[ Note that all these measurements and calculations are ‘back of the envelope’, ‘ballpark figures’ for the purpose of gaining a broad sense of the capabilities of the drain, and not a precise hydrological survey. ]
I’ve also been pondering the economic benefit of these drains. Prior to their construction from 1895 onwards, the lowlands of Newcastle were regularly turned into a useless boggy swampland. A 1892 description of Broadmeadow states that:
“When there are heavy rains the water comes down in such a way as to flood the streets and property, the water being sometimes 12 and 18 inches deep on the streets.”
The 1897 Ralph Snowball photograph below looking from Glebe Rd Merewether across to Hamilton graphically illustrates the large plain of unused and unusable land, and with the roads suffering significant water erosion.
Even as construction was progressing the economic benefit of drainage was clear to see, with an 1897 newspaper report on the extension of the system into Adamstown noting that:
“Its construction will prove a great boon to those residing on the lowlands, and should increase the value of property materially.”
The question then is what is the area of the “lowlands” that are emptied by the drainage system? Browsing the altitude data in Google Earth, and observing the landscape around town, 15 metres above sea level seems to be the inflection point where a gradual rise in elevation across the plains changes to a steeper inclinaton of the surrounding hills and ridges. Using Google Earth I marked with yellow lines the concrete drains, and mapped out in blue the area of the drainage basin that is 15m or less above sea level. This area totalled approximately 1850 hectares. [ KML file viewable in Google Earth ]
[ Note, as before, this mapping is a rough approximation for the purpose of gaining a broad sense of the capabilities of the drainage system, and not a precise hydrological survey. ]
As an aside, when I first viewed the map of the drains against the shaded lowlands, it immediately struck me that there is a large area centred on Hamilton that has no open concrete drains, and my recollection is that in the June 2007 Pasha Bulker storm, Hamilton was one of the main areas of flooding. Coincidence or not? I don’t know, as I keep reminding you, I’m not a hydrologist.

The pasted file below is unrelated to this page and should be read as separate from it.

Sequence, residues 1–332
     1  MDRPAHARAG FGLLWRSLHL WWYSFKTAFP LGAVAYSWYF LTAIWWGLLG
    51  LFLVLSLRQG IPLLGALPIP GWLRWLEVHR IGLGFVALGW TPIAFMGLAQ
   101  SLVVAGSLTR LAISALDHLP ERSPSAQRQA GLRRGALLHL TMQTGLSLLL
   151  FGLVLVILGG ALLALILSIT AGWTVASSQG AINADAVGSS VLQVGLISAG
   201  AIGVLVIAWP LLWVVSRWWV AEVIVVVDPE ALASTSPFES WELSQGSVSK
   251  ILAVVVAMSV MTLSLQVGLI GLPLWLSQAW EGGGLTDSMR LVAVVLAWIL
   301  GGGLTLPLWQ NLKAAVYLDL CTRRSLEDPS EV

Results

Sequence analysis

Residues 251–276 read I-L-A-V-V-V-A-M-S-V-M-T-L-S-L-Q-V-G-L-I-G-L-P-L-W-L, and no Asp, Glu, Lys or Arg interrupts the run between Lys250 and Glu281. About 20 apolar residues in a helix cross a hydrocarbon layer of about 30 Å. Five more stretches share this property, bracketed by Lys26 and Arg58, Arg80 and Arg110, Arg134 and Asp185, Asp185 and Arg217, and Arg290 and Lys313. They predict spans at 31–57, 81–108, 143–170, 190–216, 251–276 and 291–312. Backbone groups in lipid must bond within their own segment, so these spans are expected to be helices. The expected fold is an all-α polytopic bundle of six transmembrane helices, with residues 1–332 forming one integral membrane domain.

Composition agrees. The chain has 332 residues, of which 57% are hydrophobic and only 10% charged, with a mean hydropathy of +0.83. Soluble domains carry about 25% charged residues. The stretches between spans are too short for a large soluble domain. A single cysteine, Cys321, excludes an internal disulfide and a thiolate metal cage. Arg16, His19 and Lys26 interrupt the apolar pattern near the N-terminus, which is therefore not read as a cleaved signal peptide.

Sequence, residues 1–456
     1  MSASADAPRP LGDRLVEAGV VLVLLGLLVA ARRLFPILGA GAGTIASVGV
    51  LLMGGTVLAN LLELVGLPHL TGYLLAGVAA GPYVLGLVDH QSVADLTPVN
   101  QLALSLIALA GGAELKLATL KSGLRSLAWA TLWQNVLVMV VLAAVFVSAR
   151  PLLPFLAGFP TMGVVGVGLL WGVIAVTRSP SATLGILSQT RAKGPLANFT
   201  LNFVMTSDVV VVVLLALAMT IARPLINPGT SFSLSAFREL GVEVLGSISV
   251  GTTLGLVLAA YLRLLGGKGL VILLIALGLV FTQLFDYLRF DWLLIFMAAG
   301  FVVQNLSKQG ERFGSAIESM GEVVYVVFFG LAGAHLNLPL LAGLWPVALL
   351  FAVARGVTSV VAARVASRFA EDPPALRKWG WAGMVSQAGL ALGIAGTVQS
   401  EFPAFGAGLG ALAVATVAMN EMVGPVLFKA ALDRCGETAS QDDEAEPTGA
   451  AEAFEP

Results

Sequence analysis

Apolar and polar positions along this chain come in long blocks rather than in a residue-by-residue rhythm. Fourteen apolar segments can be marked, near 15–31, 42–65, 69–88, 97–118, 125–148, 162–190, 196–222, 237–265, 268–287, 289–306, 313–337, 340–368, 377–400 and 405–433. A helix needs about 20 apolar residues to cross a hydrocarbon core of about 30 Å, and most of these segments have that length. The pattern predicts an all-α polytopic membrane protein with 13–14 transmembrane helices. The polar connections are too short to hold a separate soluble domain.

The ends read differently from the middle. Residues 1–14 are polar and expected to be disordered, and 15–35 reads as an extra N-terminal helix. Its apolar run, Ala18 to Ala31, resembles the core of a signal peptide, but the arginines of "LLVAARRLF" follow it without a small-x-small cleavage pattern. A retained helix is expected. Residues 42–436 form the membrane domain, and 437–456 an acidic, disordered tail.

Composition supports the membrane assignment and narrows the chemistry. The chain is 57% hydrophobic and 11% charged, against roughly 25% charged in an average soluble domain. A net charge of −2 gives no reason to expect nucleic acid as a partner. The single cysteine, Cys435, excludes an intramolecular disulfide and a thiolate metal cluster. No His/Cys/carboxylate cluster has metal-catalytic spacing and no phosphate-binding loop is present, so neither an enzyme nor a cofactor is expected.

Nor am I an economist. With that final disclaimer out of the way I can now ask, how much is all that land worth? What is the monetary value of the land made productive by the open concrete drain system? As an example of land values, the NSW Valuer General shows that in 2015 a 424 m2 area of land in Hamilton North had a value of $327,000. This equates to $771 per square meter, or $7.7 million per hectare. If we assume that only 75% of the 1850 hectares is usable (allowing for roads, creeks, etc) then the total land value of the lowlands shaded in the map above is … 10.7 billion dollars!
So the next time you pass one of those ‘ugly’ concrete drains … give a bit of respect.
For more drain related musings, check out Mark Maclean’s Hamilton North blog.
Cycling home from work this afternoon I found this tortoise, on Bates Street Hamilton North, rapidly dehydrating in the heat of today, and in a prime position for being run over by a car. I placed her1 beside the road under a tree and verified that I was looking at a live’n and not a dead’n, and then pondered for a while.
I’m guessing that with the recent heavy rains she’s been washed down the drain and eventually managed to crawl out in Hamilton North. I wondered what to do for a while – putting her back in the bare concrete drain nearby didn’t seem suitable, so I carried her upstream in my lunchbox, and released her in Kerai Creek in Lambton Park, which is looking pretty nice after the recent restoration work by Hunter Water.
I went back later in the evening with my daughter to see how she was going, and found her lying submerged in the middle of the flow, and my immediate thought was “oh no, she’s slipped in and drowned”, but on picking her up she poked her head out slightly and gave me a healthy but exasperated “not you again” look.
My daughter has named her “Flo”.
1. Actual gender unknown. Assumed gender for narrative purposes.
Back in December 2014 I did a “Then and Now” comparison of the drain at the Gully Line intersection at Broadmeadow. Courtesy of the recent downpours I now present a “Wet and Dry” comparison.